1943 saw the second Harlem riot. A black soldier was shot and wounded by a white policeman, and the resulting riots saw hundreds of stores looted and six people killed.
In the late 1950s and early 1960s, Harlem was the scene of a series of rent strikes by neighborhood tenants, led by local activist Jesse Gray, together with the Congress of Racial Equality, Harlem Youth Opportunities Unlimited (HARYOU), and other groups. These groups wanted the city to force landlords to improve the quality of housing by bringing them up to code, to take action against rats and roaches, to provide heat during the winter, and to keep prices in line with already-existing rent control regulations. (According to the Metropolitan Council on Housing, in the mid-1960s, about 25% of the city's landlords charged more for rent than allowed by law.) 
Many groups mobilized in Harlem in the 1960s, fighting for better schools, jobs, and housing. Some were peaceful and others advocated violence. By the early 1960s, the Congress of Racial Equality (CORE) had offices on 125th street, and acted as negotiator for the community with the city, especially in times of racial unrest. They pressed for civilian review boards to hear complaints of police abuse, a demand that was ultimately met. Adam Clayton Powell Jr. had become chairman of the House Committee of Education and Labor at the start of the 1960s, and was able to use this position to direct federal funds to various development projects back home. 
The influence of the southern nonviolent protest movement was muted in Harlem. Martin Luther King, Jr. was the black leader most respected in Harlem, but at least two dozen groups of black nationalists also operated in New York. The most important of these by far was the Nation of Islam, whose Temple Number Seven was run by Malcolm X from 1952-1963. Malcolm was assassinated in the Audobon Ballroom in Washington Heights in 1965, and the neighborhood remains an important center for the Nation of Islam.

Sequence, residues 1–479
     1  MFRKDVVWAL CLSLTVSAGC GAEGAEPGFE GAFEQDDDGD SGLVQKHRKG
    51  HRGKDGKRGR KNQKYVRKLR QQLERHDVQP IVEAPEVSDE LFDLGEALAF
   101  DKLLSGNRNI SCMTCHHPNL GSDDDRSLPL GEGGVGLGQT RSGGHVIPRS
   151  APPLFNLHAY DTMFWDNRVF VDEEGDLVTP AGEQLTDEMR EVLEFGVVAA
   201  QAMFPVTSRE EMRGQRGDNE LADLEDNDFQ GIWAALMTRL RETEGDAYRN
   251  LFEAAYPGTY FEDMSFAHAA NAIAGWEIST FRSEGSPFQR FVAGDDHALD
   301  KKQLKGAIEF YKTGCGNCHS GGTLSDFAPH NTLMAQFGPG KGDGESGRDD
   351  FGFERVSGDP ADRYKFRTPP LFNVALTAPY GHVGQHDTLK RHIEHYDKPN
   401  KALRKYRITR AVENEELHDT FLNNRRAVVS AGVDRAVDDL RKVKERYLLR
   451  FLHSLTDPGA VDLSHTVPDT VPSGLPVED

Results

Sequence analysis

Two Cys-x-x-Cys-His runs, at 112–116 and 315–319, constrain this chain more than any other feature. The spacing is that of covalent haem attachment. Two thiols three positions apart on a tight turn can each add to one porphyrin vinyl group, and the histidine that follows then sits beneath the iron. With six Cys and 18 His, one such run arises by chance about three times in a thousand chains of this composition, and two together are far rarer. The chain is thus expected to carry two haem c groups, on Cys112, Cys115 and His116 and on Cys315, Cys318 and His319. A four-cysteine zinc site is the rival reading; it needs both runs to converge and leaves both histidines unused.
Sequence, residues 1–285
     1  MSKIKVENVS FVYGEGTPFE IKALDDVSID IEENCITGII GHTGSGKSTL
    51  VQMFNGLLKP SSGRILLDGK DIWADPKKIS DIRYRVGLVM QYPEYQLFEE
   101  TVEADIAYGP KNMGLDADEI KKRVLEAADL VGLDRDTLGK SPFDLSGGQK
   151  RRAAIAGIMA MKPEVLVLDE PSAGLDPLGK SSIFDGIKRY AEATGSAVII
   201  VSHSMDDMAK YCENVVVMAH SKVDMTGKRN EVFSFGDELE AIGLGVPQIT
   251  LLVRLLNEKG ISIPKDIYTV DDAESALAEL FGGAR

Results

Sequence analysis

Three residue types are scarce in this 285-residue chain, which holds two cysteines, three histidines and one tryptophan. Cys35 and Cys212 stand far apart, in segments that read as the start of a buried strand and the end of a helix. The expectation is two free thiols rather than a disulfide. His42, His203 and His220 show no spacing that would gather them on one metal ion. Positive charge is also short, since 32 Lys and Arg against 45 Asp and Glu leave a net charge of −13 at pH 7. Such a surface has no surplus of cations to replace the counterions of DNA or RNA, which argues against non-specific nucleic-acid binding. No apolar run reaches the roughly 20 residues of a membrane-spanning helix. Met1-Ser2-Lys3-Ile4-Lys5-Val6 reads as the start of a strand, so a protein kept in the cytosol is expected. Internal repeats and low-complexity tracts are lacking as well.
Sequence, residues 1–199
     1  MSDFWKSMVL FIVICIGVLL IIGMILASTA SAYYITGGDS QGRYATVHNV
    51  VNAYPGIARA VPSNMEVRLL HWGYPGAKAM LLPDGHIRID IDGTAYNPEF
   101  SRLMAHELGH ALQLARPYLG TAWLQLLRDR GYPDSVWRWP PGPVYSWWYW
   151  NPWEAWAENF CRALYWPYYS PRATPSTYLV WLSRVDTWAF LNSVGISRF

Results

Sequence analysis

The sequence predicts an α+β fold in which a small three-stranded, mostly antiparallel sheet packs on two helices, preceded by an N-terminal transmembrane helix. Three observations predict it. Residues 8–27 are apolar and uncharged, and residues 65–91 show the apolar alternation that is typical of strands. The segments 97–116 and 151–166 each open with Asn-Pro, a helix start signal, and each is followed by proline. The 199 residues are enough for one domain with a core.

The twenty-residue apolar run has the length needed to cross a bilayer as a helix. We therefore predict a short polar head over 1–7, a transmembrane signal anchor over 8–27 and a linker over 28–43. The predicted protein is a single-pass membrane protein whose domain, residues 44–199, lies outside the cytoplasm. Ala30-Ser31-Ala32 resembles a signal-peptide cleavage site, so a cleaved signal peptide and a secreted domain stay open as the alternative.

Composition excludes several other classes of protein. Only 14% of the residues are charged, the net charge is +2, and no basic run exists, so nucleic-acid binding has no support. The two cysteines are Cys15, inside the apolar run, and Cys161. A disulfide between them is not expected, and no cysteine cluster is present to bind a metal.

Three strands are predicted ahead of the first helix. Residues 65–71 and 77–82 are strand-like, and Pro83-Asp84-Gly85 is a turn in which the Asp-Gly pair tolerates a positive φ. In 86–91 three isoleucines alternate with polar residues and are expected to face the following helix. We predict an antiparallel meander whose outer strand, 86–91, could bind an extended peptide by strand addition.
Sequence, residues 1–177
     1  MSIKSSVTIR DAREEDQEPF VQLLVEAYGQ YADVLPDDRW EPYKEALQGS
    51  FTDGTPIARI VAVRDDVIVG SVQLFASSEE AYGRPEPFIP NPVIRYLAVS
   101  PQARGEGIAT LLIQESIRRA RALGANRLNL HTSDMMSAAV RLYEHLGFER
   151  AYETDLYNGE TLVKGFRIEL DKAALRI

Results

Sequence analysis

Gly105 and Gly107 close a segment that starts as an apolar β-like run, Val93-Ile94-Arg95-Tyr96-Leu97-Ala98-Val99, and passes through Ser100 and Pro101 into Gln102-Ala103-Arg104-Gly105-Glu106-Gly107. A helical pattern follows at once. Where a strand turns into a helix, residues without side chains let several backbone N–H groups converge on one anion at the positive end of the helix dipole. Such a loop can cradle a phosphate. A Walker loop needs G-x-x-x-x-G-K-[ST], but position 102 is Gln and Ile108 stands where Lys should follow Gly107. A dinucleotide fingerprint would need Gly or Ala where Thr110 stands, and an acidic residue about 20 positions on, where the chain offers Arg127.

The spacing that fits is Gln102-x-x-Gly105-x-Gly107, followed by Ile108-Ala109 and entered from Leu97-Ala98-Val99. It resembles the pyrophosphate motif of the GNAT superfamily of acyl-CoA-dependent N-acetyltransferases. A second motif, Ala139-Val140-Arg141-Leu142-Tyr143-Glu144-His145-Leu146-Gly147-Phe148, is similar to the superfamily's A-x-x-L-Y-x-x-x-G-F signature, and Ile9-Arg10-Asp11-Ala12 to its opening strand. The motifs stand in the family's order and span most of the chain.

From the mid-20th century, the terrible quality of local schools has been a source of distress. In the 1960s, about 75% of Harlem students tested under the grade levels in reading skills, and 80% tested under grade level in math. In 1964, residents of Harlem staged two boycotts to call attention to the terrible quality of local schools. In central Harlem, 92% of students stayed home. In 1977, Isiah Robinson, president of the New York City Board of Education, was quoted as saying that "the quality of education in Harlem has degenerated to the level of a custodial service." As of May 2006, Harlem is the heart of the charter schools movement in Manhattan; of the 25 charter schools operating in Manhattan, 18 are in Harlem. 
The third in Harlem's series of riots took place in July 1964 after the fatal shooting of a 15-year-old black boy by a white police officer. One person was killed, more than 100 were injured, and hundreds more were arrested. Property damage and looting were extensive.